Such sales put Howard into very rarefied company - only the likes of Cecelia Ahern, Marian Keyes and, perhaps, the children's author Eoin Colfer have sold as many books in their own country over the past couple of decades. Yet, unlike those three, the Ross books haven't connected with non-Irish readers overseas. None have been translated, although, strange as it may appear, a Russian translation was in the works only for it to be canned at the 11th hour.
It's this commitment to time and place that has made Ross such a success. Howard is remarkably attuned to this world and he continues to pump friends and acquaintances for anecdotes and insights. When he first started writing the column, he would feed off journalist colleagues who had been privately educated or were familiar with the tropes of privileged Dublin. "I was on the outside," he laughs. "I needed an in."
His non-fiction volume, Ross O'Carroll Kelly's Guide to (South) Dublin, arguably gave the greatest insight to this milieu of all his books, and it's something of an essential text for those who might have forgotten just how mad the spend, spend, spend Celtic Tiger years were.
It wasn't just about 110pc mortgages, he says, it was also about paying to use an 'oxygen bar' at Brown Thomas's little sister BT2, and bank ads that "sort of said it was okay to lie to us about why you want to take out a loan - we'll give you the money anyway". The Bank of Ireland commercial he recalls was from the early 2000s and featured a girl straight out of Ross O'Carroll-Kelly who told the bank manager she wanted "ching ching" for dental braces, when in fact, as the subtitle told us, she needed the cash to buy shoes.
The early Ross books capture such an Ireland well although, by his own admission, Howard says there would only have been so much he could do with the character if the boom had continued. He set one of the books, Rhino What You Did Last Summer in Los Angeles, and he now realises it was a mistake. "Taking it outside of Ireland didn't really work," he says. "Ross needs to be here in an environment that he - and the reader - knows well." The new book, incidentally, is not set in Seattle; only a chapter is.
Then when the recession hit, the author realised there would be a silver lining beneath this darkest of clouds.
"Now Ross would find himself in an environment where all the old certainties had been turned on their heads, and it would be interesting to see how he would cope." He believes the last few books have been the best in the entire series.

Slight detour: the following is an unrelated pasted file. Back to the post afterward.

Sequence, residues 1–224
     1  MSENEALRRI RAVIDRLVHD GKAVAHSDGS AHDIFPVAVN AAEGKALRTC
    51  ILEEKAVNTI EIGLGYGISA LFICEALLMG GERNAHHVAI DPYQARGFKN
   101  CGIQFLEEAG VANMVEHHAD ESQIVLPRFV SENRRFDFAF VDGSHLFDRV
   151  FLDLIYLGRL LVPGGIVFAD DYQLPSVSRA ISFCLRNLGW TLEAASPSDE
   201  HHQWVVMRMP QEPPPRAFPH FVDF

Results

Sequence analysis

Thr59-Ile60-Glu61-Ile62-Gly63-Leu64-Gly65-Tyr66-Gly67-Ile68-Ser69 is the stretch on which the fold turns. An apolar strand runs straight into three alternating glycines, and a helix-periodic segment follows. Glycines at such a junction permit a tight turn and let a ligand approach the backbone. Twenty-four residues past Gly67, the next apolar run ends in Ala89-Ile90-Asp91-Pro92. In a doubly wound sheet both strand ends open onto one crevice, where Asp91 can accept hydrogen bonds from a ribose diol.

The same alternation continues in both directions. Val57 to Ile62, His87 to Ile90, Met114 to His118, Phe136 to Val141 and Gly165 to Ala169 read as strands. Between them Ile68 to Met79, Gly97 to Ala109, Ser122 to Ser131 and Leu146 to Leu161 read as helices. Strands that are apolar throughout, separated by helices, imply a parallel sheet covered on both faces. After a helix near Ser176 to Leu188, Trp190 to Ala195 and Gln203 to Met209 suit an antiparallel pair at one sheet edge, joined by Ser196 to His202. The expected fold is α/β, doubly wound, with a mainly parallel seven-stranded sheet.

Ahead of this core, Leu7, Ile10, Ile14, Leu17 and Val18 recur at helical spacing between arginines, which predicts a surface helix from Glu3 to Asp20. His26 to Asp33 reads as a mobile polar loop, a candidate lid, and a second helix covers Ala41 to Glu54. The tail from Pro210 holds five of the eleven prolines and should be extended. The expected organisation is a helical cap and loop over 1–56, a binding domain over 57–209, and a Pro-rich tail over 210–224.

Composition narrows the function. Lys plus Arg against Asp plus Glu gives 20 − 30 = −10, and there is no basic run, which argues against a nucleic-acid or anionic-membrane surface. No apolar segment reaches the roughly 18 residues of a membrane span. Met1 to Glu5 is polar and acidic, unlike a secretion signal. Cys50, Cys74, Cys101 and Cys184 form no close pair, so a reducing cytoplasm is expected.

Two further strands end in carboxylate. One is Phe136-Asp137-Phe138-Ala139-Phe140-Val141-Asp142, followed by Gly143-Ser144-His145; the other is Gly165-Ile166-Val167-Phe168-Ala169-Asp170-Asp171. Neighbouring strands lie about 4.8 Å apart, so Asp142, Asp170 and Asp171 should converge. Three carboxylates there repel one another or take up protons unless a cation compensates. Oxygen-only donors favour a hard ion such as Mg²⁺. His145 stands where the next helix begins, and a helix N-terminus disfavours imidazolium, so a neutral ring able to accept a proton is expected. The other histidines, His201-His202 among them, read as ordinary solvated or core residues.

And Ross - his fans will be delighted to hear - is set to continue for the foreseeable future. Cynics might argue that it would take a brave man to abandon such a sure-fire cash cow, but Howard clearly relishes a task which doesn't just involve four months of the year writing the Ross books, but also keeping him alive in a weekly column and on social media.
The 16th book is largely written and will be sent to the publishers before Christmas, with a view to bringing it out next August or September.
Howard plans each book carefully - not just writing out what will happen in every chapter, but breaking the plot down from one set piece to the next. He's full of praise for an editor at Penguin, Rachel Pierce, who would think nothing of telling him to lose 20,000 words if she felt it would improve the book.
Howard quit his journalist job 10 years ago, not just because the books had taken off, but because he had become disillusioned with sports writing.
"I remember those days when you'd get up at 4.30 in the morning to catch a flight to England to interview a football player and you'd get to the training ground and you'd feel like a real pariah there. Sometimes, the player might slip away and say he forgot you were coming, or you might get the briefest chat in the car park. After three questions, he'd be going, 'Have you enough there?'. He couldn't wait to get away. Then your editor would call and asked how it went and you'd say it went badly and he'd say, 'Grand, give me 2,000 words."
Howard has penned non-Ross books too, and says his ghost-written George Hook memoir, Time Added On, is the project he's most proud of. "If you're going to ghost a book, you really want the person to be as honest as possible. George was brutally honest about every aspect of his life."
They would meet twice a week for a four-hour stint over coffee and biscuits in which the pundit and broadcaster would unburden himself. "I remember sending him the text and thinking when he sees it in black and white he might want to tone it down. But that didn't happen. In fact, there were certain parts where he said I had gone too easy on him."
He would consider ghosting a book again, but only if the right opportunity came along. It's not superstar names that he's interested in working with - "they have their brands to maintain," he says - it's more people like Buster Bloodvessel of the ska band, Bad Manners. "Douglas Trendle [his real name] has had such an intriguing life. After the band, he ran a hotel called Fatty Towers - which was aimed at fat people - but it was a disaster because no matter how fat someone is, do they want to admit as much?"
The work that's obsessing him now is the biography of Guinness heir Tara Browne that he is currently writing having spent eight years in research and conducting 120 interviews for it. Browne was famously alluded to in The Beatles' song 'A Day in the Life' - "he blew his mind out in a car, he didn't notice that the lights had changed" - and led Howard into Swinging London of the 1960s and a world populated by aristocrats.
"There's that class thing again," he says, with a laugh. "I do write about other stuff you know!"
...his 'biography' of Roy Keane's dog, Triggs: "I don't think Roy was too happy about it. I was asked if I'd chair a discussion between Roy and Roddy Doyle [who ghost-wrote his biography] and I said, 'Does Roy know it's me who'd be doing it? Ask him if he's okay with it.' They phoned me back a while later to say my services wouldn't be required after all."
...dealing with 'rugby dads': "Calls would come into the paper from fathers who were angry that their son's name was spelt incorrectly in the school match report, or there wasn't reference to the try he'd got in the scorer's section at the bottom. And before they'd hang up, they'd say, 'By the way, the 'it's' has an apostrophe."
...why so few Irish literary authors have tackled the recession: "Some of them seem to be more interested in setting their books 50 or 100 years into the past for some reason. Maybe it's very difficult to write about the recession - or the boom, for that matter - in a way that doesn't satirise it."
...his reading habits: "I read a lot of non-fiction. When that Observer list [on the 100 best novels ever, as chosen by literary editor Robert McCrum] came out, I went through it and found that I had read 12 of them. You could say I've quite a lot of catching up to do."